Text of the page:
- “[A]ny other publisher” is not limited to traditional publishing companies. It also means you, as a self-publisher, or a colleague with respect to a guest post on their blog, for instance.
- If you write in a particular genre, this part of the clause could prevent you from writing another novel in your genre. This would preclude you from writing in the same genre even using a pen name.
3. “. . . without written consent of the Publisher which shall not be reasonably withheld . . .”
What you need to know:
- When authors raise the oppressive nature of the non-competing works clause with the publisher before they sign the contract, the representative of the publisher with whom the author is working often points to this phrase and says, “It’s never a problem. We’re not unreasonable and always give permission for other works.” If that’s the case, then the clause should come out of the contract.
- Imagine having to request the written permission of your publisher every time you wanted to write a blog post on the same subject matter as your book.
- Worse still, imagine having to ask for permission every time you want to write something that will make money for you. A publisher should not be in the position of controlling your income arbitrarily with this clause.
4. “. . . that would, in the reasonable opinion of the Publisher, be likely to interfere with or injure the sale of the Work . . .”
What you need to know:
- This part of the Non-Competing Work clause inextricably binds your income-producing future to the whims of the publisher. It is the publisher’s opinion whether your proposed western romance will injure the sale of your sci-fi thriller in which the protagonist has a love interest, for example.
- You cannot count on a publisher to be reasonable. Here’s a story from an author whose (then) Big 6 publisher thought that she breached the non-competing works clause of her contract by self-publishing a collection of short stories (some of which the publisher had already rejected!): Sleeping with the Enemy: A Cautionary Tale. In short, they terminated her contract and demanded the return of her $20,000 advance.
As a rule, I am not fond of the Non-Competing Works provisions in publishing contracts. The clause discussed in this post is just an example of one such provision. These provisions come in a variety of flavors, most of which unreasonably restrict a writer’s ability to make a living. With very limited exceptions, I recommend against signing contracts that contain these clauses.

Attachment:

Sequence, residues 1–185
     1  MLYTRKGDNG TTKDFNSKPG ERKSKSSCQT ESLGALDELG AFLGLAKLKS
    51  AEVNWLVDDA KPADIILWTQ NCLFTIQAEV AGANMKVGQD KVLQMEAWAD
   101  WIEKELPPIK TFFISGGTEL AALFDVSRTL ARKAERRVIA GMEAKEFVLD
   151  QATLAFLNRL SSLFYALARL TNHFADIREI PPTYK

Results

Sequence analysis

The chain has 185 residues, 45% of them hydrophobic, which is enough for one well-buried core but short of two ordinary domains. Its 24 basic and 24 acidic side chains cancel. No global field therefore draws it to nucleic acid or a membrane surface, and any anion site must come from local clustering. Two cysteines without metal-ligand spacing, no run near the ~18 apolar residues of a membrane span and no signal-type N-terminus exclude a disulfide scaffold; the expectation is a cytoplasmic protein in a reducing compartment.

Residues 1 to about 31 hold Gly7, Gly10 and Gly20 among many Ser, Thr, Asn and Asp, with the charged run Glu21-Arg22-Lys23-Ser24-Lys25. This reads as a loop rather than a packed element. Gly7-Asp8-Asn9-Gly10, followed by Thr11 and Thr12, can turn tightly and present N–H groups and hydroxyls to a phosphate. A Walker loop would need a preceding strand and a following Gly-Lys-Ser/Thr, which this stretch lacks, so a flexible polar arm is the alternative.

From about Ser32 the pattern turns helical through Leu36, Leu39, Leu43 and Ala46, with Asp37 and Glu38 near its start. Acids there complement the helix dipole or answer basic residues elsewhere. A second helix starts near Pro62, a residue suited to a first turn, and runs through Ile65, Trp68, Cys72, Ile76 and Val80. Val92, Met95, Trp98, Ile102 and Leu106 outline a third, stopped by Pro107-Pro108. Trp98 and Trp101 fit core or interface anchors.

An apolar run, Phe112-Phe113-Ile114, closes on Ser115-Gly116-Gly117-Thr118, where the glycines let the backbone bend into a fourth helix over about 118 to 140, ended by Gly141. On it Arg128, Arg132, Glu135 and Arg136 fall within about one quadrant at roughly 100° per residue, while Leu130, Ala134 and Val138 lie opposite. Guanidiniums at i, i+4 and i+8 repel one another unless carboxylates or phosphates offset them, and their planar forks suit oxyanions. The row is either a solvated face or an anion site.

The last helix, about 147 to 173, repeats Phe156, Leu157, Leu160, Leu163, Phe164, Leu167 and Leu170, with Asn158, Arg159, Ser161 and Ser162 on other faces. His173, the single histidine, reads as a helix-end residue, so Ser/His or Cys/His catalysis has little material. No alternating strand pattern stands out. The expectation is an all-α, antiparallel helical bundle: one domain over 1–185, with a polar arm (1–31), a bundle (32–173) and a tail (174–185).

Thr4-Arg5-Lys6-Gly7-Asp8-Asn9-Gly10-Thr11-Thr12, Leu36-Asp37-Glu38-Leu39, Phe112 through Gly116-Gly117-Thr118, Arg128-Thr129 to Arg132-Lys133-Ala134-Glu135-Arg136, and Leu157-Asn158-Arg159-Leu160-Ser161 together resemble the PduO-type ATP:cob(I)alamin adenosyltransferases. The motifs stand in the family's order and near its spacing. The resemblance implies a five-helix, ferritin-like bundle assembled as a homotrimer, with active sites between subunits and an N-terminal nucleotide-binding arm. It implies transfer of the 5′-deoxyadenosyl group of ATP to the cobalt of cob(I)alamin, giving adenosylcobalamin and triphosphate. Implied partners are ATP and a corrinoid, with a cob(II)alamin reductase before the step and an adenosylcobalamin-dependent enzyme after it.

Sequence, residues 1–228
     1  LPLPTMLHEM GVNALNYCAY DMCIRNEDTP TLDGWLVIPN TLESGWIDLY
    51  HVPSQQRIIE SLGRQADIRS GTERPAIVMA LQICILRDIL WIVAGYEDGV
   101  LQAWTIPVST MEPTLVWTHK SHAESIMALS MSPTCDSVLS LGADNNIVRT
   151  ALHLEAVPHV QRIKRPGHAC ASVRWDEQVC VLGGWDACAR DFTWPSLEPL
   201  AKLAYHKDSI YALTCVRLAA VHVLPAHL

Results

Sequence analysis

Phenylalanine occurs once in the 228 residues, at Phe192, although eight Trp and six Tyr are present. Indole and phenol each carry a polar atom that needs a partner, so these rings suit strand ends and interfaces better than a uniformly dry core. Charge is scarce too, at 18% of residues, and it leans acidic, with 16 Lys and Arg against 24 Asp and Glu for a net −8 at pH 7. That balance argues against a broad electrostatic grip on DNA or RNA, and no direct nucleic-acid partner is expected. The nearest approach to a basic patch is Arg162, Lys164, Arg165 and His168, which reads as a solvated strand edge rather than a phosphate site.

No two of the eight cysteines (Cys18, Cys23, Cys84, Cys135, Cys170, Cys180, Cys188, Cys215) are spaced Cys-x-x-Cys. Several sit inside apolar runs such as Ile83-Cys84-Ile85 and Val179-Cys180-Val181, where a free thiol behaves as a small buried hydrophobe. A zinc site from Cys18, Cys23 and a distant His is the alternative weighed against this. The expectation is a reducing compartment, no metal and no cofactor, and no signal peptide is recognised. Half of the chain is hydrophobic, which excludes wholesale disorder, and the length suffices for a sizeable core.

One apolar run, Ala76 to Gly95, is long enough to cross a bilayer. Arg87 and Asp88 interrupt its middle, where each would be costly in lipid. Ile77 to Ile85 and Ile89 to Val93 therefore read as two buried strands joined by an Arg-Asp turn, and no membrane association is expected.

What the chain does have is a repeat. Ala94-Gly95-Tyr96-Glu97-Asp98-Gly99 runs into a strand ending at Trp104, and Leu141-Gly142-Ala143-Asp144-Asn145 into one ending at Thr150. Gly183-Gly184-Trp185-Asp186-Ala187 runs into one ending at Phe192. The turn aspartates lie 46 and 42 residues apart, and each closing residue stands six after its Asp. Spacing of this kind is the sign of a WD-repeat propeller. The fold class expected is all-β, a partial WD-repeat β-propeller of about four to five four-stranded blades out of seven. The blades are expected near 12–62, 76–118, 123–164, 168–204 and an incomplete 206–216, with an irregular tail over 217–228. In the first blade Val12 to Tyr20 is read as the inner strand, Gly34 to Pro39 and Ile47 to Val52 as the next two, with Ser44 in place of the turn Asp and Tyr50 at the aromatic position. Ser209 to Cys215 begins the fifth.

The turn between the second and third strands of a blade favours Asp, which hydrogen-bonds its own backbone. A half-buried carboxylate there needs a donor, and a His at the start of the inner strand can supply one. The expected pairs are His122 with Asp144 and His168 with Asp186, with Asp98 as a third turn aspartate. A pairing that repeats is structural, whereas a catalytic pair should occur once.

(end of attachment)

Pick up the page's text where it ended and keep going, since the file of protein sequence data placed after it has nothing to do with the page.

I’m always interested seeing terms different publishers include in their contracts. The industry is changing rapidly and publishing houses are struggling to keep up. Their contracts tend to lag behind industry trends.
If you have a contract term that you would like explained, leave a comment. Or if you would like to keep it private, send me an email kgoldman “at” charmcitylegal.com. I’d be happy to give you my best answer.
Just a reminder, while I am a lawyer, this post is not legal advice on any specific contract. I believe legal information for writers should be affordable and accessible. This post is an attempt to educate you as to what the terms of a contract mean so you can decide whether you should negotiate for something different. Remember, nothing is standard.
Kathryn Goldman is a lawyer who protects writers, artists, filmmakers, and businesses from having their work and art ripped off. Since she’s a lawyer, she has to mention that she’s not *your* lawyer (so this article isn’t technically legal advice, just educational), but you’re still invited to download her Digital Artists Rip-Off Protection Report. You can also follow her on Twitter @KathrynGoldman
Thanks again, Kathryn! These posts have helped me better understand a publishing contract and all that goes along with it. I’ll look forward to having you come sit on the porch with me sometime in the future.
In case you missed Kathryn’s previous articles, here are the links: